Bethlehem family feels the pull of living in the town of Jesus’ birth
By Judith Sudilovsky
BETHLEHEM, West Bank (CNS) — Brothers Peter and Eli Hosh grew up knowing that their hometown was not only the place where they went to school and ran down to the corner market for their mother, but the town where Jesus was born.
It is a lesson they and their two sisters continue to teach their own children, especially during the Christmas season.
“I feel that here there is something great here. We are living in a holy place,” said Eli Hosh, who, at 48 is the elder of the two. “Bethlehem is important for our family, and I tell that to my children. Jesus was born here. I always feel the holiness here, this is my city, but the best time in Bethlehem is Christmas.”
Unlike many other Christian families in the Bethlehem area, none of the Hosh siblings have moved abroad.
“The most important thing is for the local Christians to stay,” said Peter Hosh, 33, the youngest of the siblings. “Year by year we see less Christian (families) here. Why? It is difficult everywhere. We have hard things in life, we know, but we have to stay here and fix that. You leave and you have to start from zero; here we have our family, our work. Everybody knows each other.”
Two of Eli Hosh’s daughters are studying at universities abroad in Europe.
“Of course they will come back. Bethlehem is important for our whole family, and we know we need to stay,” he said.
Together the two brothers, who are Melkite Catholics, run one of Bethlehem’s most well-known grilled-meat restaurants, Abu Eli. It was founded in 1999 by their late father, Anton. “Abu Eli” means the father of Eli in Arabic, and traditionally Palestinian men are given the nickname of “father of” after their first-born son. The restaurant is a favorite of local Christians for Christmas Eve dinner, and many tourists visiting over the holiday have also discovered its charms.
This year Peter Hosh said he is able to experience the wonder of Christmas through the eyes of his 3-year-old daughter, Yasmin, who is now beginning to understand the concept of the holiday and that she is living in the place where Jesus was born.
“My mother came over to help us start celebrating and decorating. This season is so special, and my daughter has been asking us to decorate already. We (adults) have a glass of wine, and we enjoy ourselves,” he said. “Every time we tell my daughter that the story of Christmas took place here, she begins to sing a song she learned at her nursery school.”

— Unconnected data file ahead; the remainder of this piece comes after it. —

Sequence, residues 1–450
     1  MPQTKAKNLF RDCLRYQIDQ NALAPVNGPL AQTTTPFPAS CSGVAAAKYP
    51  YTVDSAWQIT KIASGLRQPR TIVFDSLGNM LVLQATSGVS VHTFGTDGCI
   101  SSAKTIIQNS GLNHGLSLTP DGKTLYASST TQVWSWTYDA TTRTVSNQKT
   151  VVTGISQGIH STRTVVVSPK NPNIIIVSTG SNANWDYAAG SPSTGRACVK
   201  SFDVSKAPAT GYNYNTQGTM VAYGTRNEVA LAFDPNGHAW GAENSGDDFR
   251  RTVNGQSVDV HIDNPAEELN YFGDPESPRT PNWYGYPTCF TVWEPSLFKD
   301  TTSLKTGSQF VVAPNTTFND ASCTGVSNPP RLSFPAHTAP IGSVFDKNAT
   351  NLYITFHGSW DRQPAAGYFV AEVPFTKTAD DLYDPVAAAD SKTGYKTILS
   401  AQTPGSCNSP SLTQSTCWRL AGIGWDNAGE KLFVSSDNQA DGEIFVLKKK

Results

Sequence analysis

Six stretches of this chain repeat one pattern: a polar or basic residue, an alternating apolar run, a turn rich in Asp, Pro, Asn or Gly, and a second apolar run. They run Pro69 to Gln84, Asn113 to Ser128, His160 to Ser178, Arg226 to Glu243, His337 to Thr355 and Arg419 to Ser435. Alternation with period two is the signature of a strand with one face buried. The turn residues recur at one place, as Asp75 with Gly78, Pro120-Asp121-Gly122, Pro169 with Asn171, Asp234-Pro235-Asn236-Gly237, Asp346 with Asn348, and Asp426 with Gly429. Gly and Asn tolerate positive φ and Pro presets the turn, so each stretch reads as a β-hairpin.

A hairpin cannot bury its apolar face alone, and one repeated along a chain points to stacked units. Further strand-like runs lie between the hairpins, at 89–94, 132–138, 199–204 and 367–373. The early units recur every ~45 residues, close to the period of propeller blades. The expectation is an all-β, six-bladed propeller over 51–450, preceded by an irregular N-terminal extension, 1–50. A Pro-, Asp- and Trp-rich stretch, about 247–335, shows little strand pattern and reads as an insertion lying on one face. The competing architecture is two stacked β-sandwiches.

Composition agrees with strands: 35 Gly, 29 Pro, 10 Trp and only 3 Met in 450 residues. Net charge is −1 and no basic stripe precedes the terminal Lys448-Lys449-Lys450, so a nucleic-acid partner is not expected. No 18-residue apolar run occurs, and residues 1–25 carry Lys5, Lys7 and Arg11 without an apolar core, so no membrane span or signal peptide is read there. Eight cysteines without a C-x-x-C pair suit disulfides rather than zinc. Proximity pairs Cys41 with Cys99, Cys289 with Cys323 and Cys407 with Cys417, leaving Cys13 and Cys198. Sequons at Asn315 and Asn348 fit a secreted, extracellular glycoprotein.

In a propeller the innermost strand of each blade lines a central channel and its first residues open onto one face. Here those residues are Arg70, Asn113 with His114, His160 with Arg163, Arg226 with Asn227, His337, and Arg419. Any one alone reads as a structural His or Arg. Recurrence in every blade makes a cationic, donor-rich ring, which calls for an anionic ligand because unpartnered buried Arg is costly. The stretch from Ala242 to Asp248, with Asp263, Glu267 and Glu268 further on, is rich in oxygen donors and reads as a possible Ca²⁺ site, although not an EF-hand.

They bake ginger cookies and special Christmas fruit cake, or buy them at one of the local bakeries for seasonal treats, he said.
Katherine Hosh, 70, said she is proud that all her children have remained in the city.
“I don’t want anyone of my children to leave,” she said. For her, as a Christian in Bethlehem, it is a privilege to be able to go to Mass at St. Catherine Church, adjacent to the Church of the Nativity. “I pray every Sunday.”
Eli and Peter Hosh said they never felt the need to leave Bethlehem for long. Peter Hosh completed all his academic studies, including his B.A. in hotel management, at Bethlehem University.
“I travel abroad, but I can’t stay away from Bethlehem for more than a week,” he said. “If I am away longer, I don’t feel well. I feel more comfortable here than any place in the world. Maybe there is something secret here. Maybe this is a sign that there is something special here. … I feel this is our city, our town.”
Despite the political difficulties, he said, life for him in Bethlehem is good. Everyone knows everyone and greets each other on the street.
Abu Eli welcomes everybody, Peter Hosh said, and he recalled how, before the intifada, the restaurant was full of Jews on Saturdays.
On Christmas Eve, the restaurant serves fukura, a festive lamb and potato stew that has been cooked for five hours in a covered clay pot on the charcoal flame. The Hoshes put on Christmas music and welcome Christian families celebrating the holiday.
“We feel very happy, you see many people coming here and enjoying themselves and feeling happy. We have known the families for a long time, and you feel like you are a part of their celebration, and you enjoy with them,” said Peter Hosh. “It is not just working. When we finish (serving) we sit down and join them and have a drink and talk.”
Since Christmas Eve is the busiest day of the year for the restaurant, the Hosh family celebrates Christmas together the following day. They go to mass at St. Catherine Church and then have lunch, which the Hosh sisters have prepared.
“I like this tradition,” said Peter. “We visit the church and pray. It is a special day.”
Cover photo: Palestinian Melkite Catholics Eli and Peter Hosh prepare meat in the kitchen of their restaurant, Abu Eli, in Bethlehem, West Bank, Dec. 8, 2019. (CNS photo/Debbie Hill)